as they would raise its soul up to their iniquity.”
וְהָיָה כָעָם כַּכֹּהֵן וּפָקַדְתִּי עָלָיו דְּרָכָיו וּמַעֲלָלָיו אָשִׁיב לֹו׃ 4:9
Hose. 4:9 “But the people shall be so as the priest,
as I shall visit its ways upon it,
and I shall turn its deeds back to it.”
Both the priests and the people will fall prey to the consequences of their sinful behavior.
וְאָכְלוּ וְלֹא יִשְׂבָּעוּ הִזְנוּ וְלֹא יִפְרֹצוּ כִּי־אֶת־יְהוָה עָזְבוּ לִשְׁמֹר׃ 4:10
Hose. 4:10 “And they shall feed but not be satisfied;
they shall fornicate but not increase,
for they have abandoned heeding the Lord.”
זְנוּת וְיַיִן וְתִירֹושׁ יִקַּח־לֵב׃ 4:11
Hose. 4:11 “Harlotry and wine
-- and freshly pressed wine
-- the heart would lay hold of.”
עַמִּי בְּעֵצֹו יִשְׁאָל וּמַקְלֹו יַגִּיד לֹו כִּי רוּחַ זְנוּנִים הִתְעָה וַיִּזְנוּ מִתַּחַת אֱלֹהֵיהֶם׃ 4:12
Hose. 4:12 “My people might inquire by its wood
as if its staff would announce to it,
for the spirit of harlotry has misled,
that they became unfaithful from beneath their God.”
עַל־רָאשֵׁי הֶהָרִים יְזַבֵּחוּ וְעַל־הַגְּבָעֹות יְקַטֵּרוּ תַּחַת אַלֹּון וְלִבְנֶה וְאֵלָה כִּי טֹוב צִלָּהּ עַל־כֵּן תִּזְנֶינָה 4:13 בְּנֹותֵיכֶם וְכַלֹּותֵיכֶם תְּנָאַפְנָה׃
Hose. 4:13 “They are willing to sacrifice on the tops of mountains,
and burn incense on the hills,
under oak and poplar and terebinth,
because the shade is good;
therefore your daughters are willing to be harlots
and your daughters-in-law to be adulteresses.”
Notice again the shift from third person in the first line to second person in the last two lines. Apparently Hosea does this often. Here it may imply added emphasis in the last two lines (which continues into the next two verses).
לֹא־אֶפְקֹוד עַל־בְּנֹותֵיכֶם כִּי תִזְנֶינָה וְעַל־כַּלֹּותֵיכֶם כִּי תְנָאַפְנָה כִּי־הֵם עִם־הַזֹּנֹות יְפָרֵדוּ 4:14
וְעִם־הַקְּדֵשֹׁות יְזַבֵּחוּ וְעָם לֹא־יָבִין יִלָּבֵט׃
Hose. 4:14 “I will not bring punishment upon your daughters
because they are would be harlots
or upon your daughters-in-law
because they are would be adulteresses;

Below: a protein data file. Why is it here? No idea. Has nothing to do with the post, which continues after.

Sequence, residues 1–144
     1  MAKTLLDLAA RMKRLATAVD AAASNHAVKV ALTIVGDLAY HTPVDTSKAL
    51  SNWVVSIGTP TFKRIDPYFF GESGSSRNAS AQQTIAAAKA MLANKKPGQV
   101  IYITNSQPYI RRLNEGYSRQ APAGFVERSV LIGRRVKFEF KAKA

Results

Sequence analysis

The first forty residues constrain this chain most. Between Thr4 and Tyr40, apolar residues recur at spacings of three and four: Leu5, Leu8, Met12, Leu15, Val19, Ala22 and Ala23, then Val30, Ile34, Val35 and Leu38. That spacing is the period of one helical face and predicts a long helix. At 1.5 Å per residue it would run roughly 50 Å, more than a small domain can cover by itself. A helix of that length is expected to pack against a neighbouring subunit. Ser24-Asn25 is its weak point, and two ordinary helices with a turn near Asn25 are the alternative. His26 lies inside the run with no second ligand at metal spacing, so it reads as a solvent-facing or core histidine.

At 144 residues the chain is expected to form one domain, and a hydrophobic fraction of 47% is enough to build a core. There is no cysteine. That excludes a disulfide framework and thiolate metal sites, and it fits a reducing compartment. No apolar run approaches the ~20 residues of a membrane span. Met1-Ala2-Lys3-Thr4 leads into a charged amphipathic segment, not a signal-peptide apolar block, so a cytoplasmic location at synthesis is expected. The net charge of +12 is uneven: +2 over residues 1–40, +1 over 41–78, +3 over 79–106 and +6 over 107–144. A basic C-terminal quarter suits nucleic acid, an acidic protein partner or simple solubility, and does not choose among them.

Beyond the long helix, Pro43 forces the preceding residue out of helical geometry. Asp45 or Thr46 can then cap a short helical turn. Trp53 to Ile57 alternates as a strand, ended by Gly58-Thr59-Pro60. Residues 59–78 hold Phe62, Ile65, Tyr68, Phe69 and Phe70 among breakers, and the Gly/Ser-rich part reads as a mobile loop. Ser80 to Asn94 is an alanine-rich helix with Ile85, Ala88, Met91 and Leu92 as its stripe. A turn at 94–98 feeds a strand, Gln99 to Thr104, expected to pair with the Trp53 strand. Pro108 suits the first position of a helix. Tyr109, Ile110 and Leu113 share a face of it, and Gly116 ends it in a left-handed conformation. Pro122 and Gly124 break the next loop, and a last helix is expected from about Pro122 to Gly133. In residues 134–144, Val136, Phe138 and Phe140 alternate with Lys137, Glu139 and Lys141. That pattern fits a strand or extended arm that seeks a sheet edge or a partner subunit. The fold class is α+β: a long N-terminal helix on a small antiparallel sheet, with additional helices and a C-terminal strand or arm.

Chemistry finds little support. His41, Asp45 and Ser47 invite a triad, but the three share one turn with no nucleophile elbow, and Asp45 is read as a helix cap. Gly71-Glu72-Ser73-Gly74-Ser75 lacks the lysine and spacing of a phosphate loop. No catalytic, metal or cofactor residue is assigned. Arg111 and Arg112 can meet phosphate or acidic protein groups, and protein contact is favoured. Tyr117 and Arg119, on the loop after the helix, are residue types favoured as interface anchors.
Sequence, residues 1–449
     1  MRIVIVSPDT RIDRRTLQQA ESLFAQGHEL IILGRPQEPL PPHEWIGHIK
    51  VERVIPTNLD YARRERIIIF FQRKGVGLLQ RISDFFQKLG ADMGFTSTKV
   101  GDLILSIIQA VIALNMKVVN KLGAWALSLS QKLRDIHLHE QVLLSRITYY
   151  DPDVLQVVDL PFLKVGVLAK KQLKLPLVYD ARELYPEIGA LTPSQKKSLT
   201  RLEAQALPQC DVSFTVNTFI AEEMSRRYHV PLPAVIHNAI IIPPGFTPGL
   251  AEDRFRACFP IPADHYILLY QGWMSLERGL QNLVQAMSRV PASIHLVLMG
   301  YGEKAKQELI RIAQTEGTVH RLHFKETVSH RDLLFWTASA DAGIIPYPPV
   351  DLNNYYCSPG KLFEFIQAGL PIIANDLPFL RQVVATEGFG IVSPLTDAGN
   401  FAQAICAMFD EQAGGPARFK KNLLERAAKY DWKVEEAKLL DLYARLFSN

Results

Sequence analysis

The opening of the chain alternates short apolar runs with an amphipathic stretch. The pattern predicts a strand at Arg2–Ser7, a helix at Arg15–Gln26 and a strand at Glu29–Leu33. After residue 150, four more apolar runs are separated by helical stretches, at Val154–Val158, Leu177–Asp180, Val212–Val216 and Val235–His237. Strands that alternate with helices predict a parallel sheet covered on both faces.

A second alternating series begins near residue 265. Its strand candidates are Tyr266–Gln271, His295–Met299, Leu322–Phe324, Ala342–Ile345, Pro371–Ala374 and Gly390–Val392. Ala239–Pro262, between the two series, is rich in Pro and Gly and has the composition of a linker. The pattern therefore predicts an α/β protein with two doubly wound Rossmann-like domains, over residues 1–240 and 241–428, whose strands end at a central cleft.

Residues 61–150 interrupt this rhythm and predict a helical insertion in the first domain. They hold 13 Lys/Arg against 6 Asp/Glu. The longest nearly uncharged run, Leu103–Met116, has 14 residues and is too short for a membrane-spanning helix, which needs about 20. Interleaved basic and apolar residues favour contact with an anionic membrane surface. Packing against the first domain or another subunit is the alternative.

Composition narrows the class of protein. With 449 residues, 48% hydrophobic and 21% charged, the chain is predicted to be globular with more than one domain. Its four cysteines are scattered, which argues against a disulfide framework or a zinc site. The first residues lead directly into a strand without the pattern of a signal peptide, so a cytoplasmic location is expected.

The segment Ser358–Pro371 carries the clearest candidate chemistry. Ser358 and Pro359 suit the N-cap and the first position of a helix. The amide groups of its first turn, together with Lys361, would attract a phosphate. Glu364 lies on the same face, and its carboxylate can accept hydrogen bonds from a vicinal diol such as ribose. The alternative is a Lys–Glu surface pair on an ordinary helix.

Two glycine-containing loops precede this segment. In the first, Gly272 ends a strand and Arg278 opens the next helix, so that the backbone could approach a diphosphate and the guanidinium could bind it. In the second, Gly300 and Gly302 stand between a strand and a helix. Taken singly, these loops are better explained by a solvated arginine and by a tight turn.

because they are willing to be separated with harlots
and to sacrifice with prostitutes,
they shall be cast aside as a people not able to understand.”
The implication here is probably that they were not only harlots and prostitutes in their sinning, but that they indulged in the same sexual rites as the pagans.
Hose. 4:15 “Though you, Israel, are a harlot,
let not Judah become guilty,
and let you not come to Gilgal,
or go up to Beth-aven,
or swear, ’As the Lord lives!’”
Recall that Beth-el (possibly where the Tabernacle was set up during David’s and/or Solomon’s reign) was established as a center of idol worship by the first king Jeroboam to lure the people of his northern kingdom away from the Temple in Jerusalem, which lay south of their border. Can you see the irony in the name change from Beth-el to Beth-aven? Beth-el means house of God, and Beth-aven means house of iniquity. The reference to Gilgal may imply that this was the place in Dan where the second center of worship was established.
כִּי כְּפָרָה סֹרֵרָה סָרַר יִשְׂרָאֵל עַתָּה יִרְעֵם יְהוָה כְּכֶבֶשׂ בַּמֶּרְחָב׃ 4:16
Hose. 4:16 “For rebellious Israel is like a stubborn heifer:
Would the Lord now graze them,
like sheep, in a broad expanse?
חֲבוּר עֲצַבִּים אֶפְרָיִם הַנַּח־לֹו׃ 4:17
Hose. 4:17 Ephraim has piled up idols.
Let him be.
סָר סָבְאָם הַזְנֵה הִזְנוּ אָהֲבוּ הֵבוּ קָלֹון מָגִנֶּיהָ׃ 4:18
Hose. 4:18 The drunken spree of they who continually commit adultery,
love dishonor deeply -- her protectors!
The term protectors (literally shields) probably refers to the princes and priests who were supposed to protect the people from sin.
צָרַר רוּחַ אֹותָהּ בִּכְנָפֶיהָ וְיֵבֹשׁוּ מִזִּבְחֹותָם׃ 4:19
Hose. 4:19 A wind binds her up in her skirts
as they are shamed because of their sacrifices.
I wonder if the first line of this verse is intended to symbolize a nation whose lower extremities are exposed as the wind whips her skirts up about her waist.